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bis undertaking, and thence rendered the repetition of his luffciings altogether unnecessary, Heb. X. 14.
SECT. II. As to the efficient cause of our Lord's resurrection, it was doubtlets. the power of God: and though his own power, as the second Person of the ever-blessed Trinity, and thence, co-equal with the Father and the holy Ghost, may, nay must, be considered as exerted and displayed in this important : event; yet, for the justest reasons, the deed is a. fcribed in scripture to Jehovah, in the person of the Father. It was at the Father's instance, as the guardian of law and justice, that our Lord was first incarcerate in the pit of suffering, and then in the prison of death ; and therefore, that the honour of the sufferer, the credit of the surety, and the absor lution of finners, might be as legal, as evident; it was proper, highly proper, he should be relcafed at the same instance, and by the same authority. Nor could any thing Mort of the power of God, have effected this resurection from the dead. For is created power cannot produce life at first, nor prevent death at last; no more can it possibly overcome death, and restore to life again. Accordingly, inspired writers ascribe the resurection of Christ intirely to the power of the Father. Whom God “ (says the apostle) hath raised up, having loosed " the pains of death,” Acts ii. 24. or the cords and bands of death, as some read that phrase, i. e. those obligations by which Christ was under the necessity of suffering and dying; as if the apostle had said " Whom God hath raised up, having given back “ the Mediator's bond of cautionry, amply dischar“ ged, into his own hand.” Again, “ This Jesus " (lays the same apostle) hath God raised up, where
created pon at lastire to life a section whom G
of we all are witnesses,” Acts ii. 32. And Paul not only speaks of the power, and the greatness of the power, but of the “exceeding greatness of the “ power of God, which he wrought in Christ when " he raised him from the dead," Eph. i. 19, 20.
With respect to the manner of the resurrection of Christ, though God might and could have done it without means or inftruments, the probability is, that he employed the ministry of angels, as heralds detached from the throne, to loose this wonderful prisoner, with honour and folemnity. This seems to be pretty clearly pointed out, by the evangelist, when he tells us, that “ an angel of the Lord de" scended from heaven and came and rolled back the " stone, and sat upon it,” Matth. xxviii. 2. He opened the prison of the grave; and, to show that it was no more to be shut upon the man Christ, he sat down on the stone, which was the door of the fepulchre, thereby making proclamation that he having in the Father's name opened, no man, no devil, could or durst attempt to Mut. From Mary's account of what the faw in the fepulchre, the truth of this seems further evident. She " saw “ (says the evangelist) two angels in white (by their * livery, you will at once perceive whose servants " they were) sitting, the one at the head, and the “ other at the feet, where the body of Jesus had “ lain,” John xx. 12. And from what Peter saw on the fame occasion, one would think those divine messengers, those exact ministers, had even adjuited our Lord's grave cloaths; not leaving the place, till they had disposed of them in a proper, regular and decent manner. " He saw (says the evange" list) the linen cloaths ly, and the napkin that “ was about his head, not lying with the linen “ clothes, but wrapped together in a place by it” self,” Joho xx. 6, 7.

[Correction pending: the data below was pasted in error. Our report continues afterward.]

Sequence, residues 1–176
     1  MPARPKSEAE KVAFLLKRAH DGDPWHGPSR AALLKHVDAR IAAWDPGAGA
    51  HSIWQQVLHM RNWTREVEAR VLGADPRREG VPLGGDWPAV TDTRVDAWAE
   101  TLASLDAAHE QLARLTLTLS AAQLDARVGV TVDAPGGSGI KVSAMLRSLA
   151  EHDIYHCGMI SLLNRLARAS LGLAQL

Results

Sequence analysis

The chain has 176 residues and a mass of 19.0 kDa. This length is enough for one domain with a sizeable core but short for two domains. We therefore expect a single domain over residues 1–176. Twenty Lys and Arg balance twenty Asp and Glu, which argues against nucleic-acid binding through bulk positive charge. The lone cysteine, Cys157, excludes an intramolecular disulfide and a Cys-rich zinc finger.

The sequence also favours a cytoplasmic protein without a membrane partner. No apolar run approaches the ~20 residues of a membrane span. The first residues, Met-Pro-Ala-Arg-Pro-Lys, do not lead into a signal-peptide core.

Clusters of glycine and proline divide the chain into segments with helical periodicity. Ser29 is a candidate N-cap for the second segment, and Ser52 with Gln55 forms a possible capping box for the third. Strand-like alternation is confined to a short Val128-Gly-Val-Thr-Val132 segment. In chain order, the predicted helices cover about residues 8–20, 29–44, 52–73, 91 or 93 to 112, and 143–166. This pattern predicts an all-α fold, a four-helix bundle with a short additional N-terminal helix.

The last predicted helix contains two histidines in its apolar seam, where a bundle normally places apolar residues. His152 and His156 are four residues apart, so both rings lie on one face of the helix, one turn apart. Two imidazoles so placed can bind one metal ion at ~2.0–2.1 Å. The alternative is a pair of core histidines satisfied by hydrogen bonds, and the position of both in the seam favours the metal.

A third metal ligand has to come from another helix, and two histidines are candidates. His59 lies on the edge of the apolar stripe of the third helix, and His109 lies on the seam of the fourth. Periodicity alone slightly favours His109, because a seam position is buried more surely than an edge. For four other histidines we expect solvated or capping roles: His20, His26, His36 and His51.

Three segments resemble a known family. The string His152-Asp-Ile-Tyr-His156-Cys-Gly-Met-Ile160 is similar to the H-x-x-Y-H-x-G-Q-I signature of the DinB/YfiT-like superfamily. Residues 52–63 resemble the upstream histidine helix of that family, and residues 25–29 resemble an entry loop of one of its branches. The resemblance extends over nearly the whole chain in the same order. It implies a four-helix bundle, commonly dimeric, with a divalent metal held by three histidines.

on the fameha xx. Where the behe head, alderpants
S E C. T. III. As to the time when the Father brought up the Man Christ out of the horrible pit and miry clay, it was certainly on the first day of the week, and on the morning of that day, being the third from his crucifixion. For Matthew tells us, our Lord's resurrection was expede in the end of the fabbath, Matth. xxviii. I. and Mark, when the fabbath was past, Mark. xvi. I, namely, the Jewish fabbath, or the seventh day of our week. Luke again, and John say, it was on the first day of the weck, Luke xxiv. 1. Johd xx. 1. Nor do the evangelists less agree in this circumstance, that it was in the morning of . that day. For Matthew says, it began to dawn to. ward the first day of the week. Mark and Luke say, it was very early in the morning of the first day of the week; and John fays, it was when it was yet dark. It was thus early in that morning, that Mary Magdalene and others, upon coming to the sepulchre, missed the body of Jesus; and confequently his resurrection was still sooner, and more early, than their disappointment.